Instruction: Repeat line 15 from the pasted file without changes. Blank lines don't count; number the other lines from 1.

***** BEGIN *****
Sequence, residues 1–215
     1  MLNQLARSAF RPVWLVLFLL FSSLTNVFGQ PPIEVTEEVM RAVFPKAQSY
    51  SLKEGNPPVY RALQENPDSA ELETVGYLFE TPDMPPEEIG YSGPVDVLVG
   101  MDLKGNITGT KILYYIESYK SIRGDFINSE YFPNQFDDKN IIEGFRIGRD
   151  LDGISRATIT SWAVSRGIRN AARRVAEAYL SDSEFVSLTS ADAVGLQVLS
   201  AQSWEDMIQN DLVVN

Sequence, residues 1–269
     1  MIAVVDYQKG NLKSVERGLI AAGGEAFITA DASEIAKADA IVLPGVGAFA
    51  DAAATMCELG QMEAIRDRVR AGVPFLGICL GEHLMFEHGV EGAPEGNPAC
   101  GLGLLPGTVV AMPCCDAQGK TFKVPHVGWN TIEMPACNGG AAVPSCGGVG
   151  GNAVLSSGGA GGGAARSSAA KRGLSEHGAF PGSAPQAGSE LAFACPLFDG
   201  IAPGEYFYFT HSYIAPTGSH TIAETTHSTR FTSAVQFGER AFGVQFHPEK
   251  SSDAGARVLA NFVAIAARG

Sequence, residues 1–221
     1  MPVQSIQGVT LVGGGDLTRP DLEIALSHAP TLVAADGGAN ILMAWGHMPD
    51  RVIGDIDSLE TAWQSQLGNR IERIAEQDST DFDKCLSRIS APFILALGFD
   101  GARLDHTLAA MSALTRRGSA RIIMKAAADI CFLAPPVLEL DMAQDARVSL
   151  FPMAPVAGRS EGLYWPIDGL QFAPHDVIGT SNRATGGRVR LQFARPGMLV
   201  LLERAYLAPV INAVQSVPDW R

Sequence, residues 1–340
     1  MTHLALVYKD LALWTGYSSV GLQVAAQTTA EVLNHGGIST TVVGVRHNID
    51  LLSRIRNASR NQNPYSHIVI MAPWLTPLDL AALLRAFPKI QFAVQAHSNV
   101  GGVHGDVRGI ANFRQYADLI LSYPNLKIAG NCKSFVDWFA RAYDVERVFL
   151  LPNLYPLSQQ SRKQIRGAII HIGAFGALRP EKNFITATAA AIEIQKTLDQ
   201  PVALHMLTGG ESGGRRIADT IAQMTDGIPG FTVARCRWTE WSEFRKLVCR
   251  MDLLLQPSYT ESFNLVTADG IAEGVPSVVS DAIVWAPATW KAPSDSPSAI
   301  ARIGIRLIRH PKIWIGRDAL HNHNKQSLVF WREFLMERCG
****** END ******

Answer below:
     1  MPVQSIQGVT LVGGGDLTRP DLEIALSHAP TLVAADGGAN ILMAWGHMPD